Busy. Please wait.
or

show password
Forgot Password?

Don't have an account?  Sign up 
or

Username is available taken
show password

why


Make sure to remember your password. If you forget it there is no way for StudyStack to send you a reset link. You would need to create a new account.
We do not share your email address with others. It is only used to allow you to reset your password. For details read our Privacy Policy and Terms of Service.


Already a StudyStack user? Log In

Reset Password
Enter the associated with your account, and we'll email you a link to reset your password.

Remove Ads
Don't know
Know
remaining cards
Save
0:01
To flip the current card, click it or press the Spacebar key.  To move the current card to one of the three colored boxes, click on the box.  You may also press the UP ARROW key to move the card to the "Know" box, the DOWN ARROW key to move the card to the "Don't know" box, or the RIGHT ARROW key to move the card to the Remaining box.  You may also click on the card displayed in any of the three boxes to bring that card back to the center.

Pass complete!

"Know" box contains:
Time elapsed:
Retries:
restart all cards




share
Embed Code - If you would like this activity on your web page, copy the script below and paste it into your web page.

  Normal Size     Small Size show me how

Chapter 20

"Genes Within Populations" Evolutionary Biology, BIO 152 CSU Chico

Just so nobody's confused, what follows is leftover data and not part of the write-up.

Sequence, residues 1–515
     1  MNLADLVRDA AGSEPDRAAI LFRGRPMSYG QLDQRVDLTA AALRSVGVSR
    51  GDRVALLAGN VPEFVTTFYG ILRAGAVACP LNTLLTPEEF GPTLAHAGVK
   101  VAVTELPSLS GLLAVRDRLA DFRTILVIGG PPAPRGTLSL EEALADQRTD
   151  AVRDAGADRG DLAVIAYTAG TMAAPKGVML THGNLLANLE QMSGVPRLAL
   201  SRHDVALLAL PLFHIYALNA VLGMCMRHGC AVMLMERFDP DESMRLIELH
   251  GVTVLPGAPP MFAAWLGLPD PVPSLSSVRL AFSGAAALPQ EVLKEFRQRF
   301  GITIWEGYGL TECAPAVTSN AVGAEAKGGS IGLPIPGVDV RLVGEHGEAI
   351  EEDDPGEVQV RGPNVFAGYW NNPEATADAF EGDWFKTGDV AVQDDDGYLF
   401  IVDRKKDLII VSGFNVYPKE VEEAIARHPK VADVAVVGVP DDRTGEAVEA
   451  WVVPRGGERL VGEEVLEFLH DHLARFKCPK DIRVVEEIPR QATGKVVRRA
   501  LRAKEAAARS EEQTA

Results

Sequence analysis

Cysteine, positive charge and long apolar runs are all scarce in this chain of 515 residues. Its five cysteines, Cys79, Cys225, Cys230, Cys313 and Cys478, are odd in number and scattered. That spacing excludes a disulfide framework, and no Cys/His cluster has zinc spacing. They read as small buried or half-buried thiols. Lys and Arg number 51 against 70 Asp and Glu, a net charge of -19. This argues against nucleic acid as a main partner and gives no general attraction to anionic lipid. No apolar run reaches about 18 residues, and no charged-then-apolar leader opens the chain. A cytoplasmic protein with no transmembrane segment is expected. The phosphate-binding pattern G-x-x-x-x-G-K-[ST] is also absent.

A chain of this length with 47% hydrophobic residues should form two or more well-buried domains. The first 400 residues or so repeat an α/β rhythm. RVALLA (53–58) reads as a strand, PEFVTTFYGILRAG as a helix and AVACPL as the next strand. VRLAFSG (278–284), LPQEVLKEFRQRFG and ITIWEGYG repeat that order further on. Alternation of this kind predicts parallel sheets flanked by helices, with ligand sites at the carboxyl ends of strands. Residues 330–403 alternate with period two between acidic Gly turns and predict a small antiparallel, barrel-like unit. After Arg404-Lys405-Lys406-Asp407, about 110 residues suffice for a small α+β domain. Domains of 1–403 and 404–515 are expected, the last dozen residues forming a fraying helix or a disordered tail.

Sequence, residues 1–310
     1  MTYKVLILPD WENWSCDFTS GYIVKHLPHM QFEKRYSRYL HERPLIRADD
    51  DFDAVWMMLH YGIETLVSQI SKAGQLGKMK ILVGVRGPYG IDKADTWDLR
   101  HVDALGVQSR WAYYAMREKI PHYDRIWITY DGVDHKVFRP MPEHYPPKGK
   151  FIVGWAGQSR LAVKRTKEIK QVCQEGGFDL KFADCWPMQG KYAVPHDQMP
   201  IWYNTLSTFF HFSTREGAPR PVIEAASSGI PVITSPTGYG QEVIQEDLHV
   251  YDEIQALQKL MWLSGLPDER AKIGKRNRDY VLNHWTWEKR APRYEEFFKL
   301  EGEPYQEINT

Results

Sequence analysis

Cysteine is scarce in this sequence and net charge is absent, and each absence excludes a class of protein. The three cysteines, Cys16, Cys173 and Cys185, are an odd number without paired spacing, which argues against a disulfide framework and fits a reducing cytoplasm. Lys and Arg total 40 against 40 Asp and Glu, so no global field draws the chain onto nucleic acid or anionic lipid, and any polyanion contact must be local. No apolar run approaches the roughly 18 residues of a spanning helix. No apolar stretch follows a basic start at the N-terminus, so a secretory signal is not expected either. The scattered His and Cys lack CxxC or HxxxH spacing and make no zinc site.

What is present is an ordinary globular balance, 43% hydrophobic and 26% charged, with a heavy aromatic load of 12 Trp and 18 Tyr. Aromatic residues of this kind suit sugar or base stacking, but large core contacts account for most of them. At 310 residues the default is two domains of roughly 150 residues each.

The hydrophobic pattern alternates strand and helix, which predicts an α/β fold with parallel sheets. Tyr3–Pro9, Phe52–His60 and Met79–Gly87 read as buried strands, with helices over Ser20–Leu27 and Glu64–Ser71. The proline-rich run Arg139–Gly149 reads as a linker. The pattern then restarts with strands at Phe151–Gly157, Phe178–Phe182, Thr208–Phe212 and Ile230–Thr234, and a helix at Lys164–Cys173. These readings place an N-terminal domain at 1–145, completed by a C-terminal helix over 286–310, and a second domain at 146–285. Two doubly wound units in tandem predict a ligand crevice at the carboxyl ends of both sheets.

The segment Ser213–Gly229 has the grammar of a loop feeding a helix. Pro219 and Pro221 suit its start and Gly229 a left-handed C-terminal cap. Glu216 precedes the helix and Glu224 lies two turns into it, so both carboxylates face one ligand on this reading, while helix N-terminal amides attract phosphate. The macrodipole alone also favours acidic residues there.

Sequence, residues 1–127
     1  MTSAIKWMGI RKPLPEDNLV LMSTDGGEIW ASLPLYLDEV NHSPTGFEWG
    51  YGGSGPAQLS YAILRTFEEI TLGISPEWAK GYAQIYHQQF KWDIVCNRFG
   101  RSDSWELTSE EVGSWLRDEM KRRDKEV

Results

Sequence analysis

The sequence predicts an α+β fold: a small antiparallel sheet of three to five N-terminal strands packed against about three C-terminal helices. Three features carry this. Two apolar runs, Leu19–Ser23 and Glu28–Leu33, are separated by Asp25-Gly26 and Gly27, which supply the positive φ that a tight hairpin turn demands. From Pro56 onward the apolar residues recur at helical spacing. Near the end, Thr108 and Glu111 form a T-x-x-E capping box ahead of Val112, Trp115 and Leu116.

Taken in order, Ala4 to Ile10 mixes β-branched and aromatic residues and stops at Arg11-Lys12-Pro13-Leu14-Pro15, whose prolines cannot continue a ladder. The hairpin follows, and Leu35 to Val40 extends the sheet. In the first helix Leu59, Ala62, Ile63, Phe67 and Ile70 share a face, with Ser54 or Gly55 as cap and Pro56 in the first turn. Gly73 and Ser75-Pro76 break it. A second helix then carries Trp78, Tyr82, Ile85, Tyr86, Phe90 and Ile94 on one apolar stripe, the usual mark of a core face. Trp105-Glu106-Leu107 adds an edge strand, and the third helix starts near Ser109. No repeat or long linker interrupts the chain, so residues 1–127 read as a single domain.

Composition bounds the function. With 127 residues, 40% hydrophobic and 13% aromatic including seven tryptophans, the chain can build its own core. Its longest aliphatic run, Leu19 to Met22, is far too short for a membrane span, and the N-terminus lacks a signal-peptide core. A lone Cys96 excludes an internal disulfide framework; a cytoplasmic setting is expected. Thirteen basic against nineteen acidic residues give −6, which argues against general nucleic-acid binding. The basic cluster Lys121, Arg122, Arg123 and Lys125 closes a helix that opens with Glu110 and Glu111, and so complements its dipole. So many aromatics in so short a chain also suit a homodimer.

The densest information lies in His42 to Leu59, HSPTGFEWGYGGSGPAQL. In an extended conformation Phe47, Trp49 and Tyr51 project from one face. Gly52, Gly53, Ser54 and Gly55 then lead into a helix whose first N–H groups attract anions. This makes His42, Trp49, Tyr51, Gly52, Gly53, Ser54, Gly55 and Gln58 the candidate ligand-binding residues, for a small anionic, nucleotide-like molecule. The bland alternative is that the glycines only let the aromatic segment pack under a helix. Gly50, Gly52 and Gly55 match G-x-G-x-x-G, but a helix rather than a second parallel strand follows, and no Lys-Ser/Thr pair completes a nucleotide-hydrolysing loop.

QuestionAnswer
inheritance of acquired characteristics changes that individuals acquired during their lives were passed on to their offspring.
population genetics the study of the properties of genes in populations
the requirements to be in Hardy-Weinberg equilibrium no mutation, no genes are transferred to or from other sources, mating is random, population size is very large, no selection occurs.
gene flow the movement of alleles from one population to another
assortive mating phenotypically similar individuals mate
genetic drift frequencies of particular alleles may change drastically by chance alone
founder effect one or a few individuals disperse and become the founders of a new, isolated population at some distance from their place of origin
bottleneck effect populations may be drastically reduced in size, this may result from flooding , drought, epidemic disease, and other natural forces, or from changes in the environment
fitness quantify reproductive success
frequency-dependent selection the fitness of a phenotype depends on its frequency within the population
oscillating selection favors one phenotype at one time and another phenotype at another time
heterozygote advantage favors individuals with copies of both alleles and thus works to maintain both alleles in the population
disruption selection selection acts to eliminate intermediate types
directional selection selection acts to eliminate one extreme from an array of phenotypes, the genes promoting this extreme become less frequent in the population and may eventually disappear
stabilizing selection selection acts to eliminate both extremes from an array of phenotypes, increasing the frequency of the already common intermediate type
assortive mating a. affects genotype frequencies expected under Hardy-Weinberg Equilibrium b. affects allele frequencies expected under Hardy-Weinberg equilibrium c.has no effect on the genotypic frequencies expected under Hardy-Weinberg a. affects genotype frequencies expected under Hardy-Weinberg Equilibrium
relative fitness a. refers to the survival rate of one phenotype compared to that of another b.refers to the reproductive success of a phenotype d. none a. refers to the survival rate of one phenotype compared to that of another